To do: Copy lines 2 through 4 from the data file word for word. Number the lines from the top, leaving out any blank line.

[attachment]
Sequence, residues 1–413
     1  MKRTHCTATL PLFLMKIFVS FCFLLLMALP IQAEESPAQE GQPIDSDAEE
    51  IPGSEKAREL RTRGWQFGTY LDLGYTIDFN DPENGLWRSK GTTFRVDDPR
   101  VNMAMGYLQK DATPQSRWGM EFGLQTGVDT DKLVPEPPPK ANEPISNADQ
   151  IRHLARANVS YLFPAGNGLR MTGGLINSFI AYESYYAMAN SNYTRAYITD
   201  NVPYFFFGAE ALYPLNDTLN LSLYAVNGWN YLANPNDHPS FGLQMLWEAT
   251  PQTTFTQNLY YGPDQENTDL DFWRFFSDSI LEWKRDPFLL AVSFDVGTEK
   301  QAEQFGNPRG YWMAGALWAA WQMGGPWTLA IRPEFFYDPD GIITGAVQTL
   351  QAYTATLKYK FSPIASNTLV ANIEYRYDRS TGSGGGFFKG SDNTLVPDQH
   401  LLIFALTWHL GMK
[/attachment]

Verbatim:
     1  MKRTHCTATL PLFLMKIFVS FCFLLLMALP IQAEESPAQE GQPIDSDAEE
    51  IPGSEKAREL RTRGWQFGTY LDLGYTIDFN DPENGLWRSK GTTFRVDDPR
   101  VNMAMGYLQK DATPQSRWGM EFGLQTGVDT DKLVPEPPPK ANEPISNADQ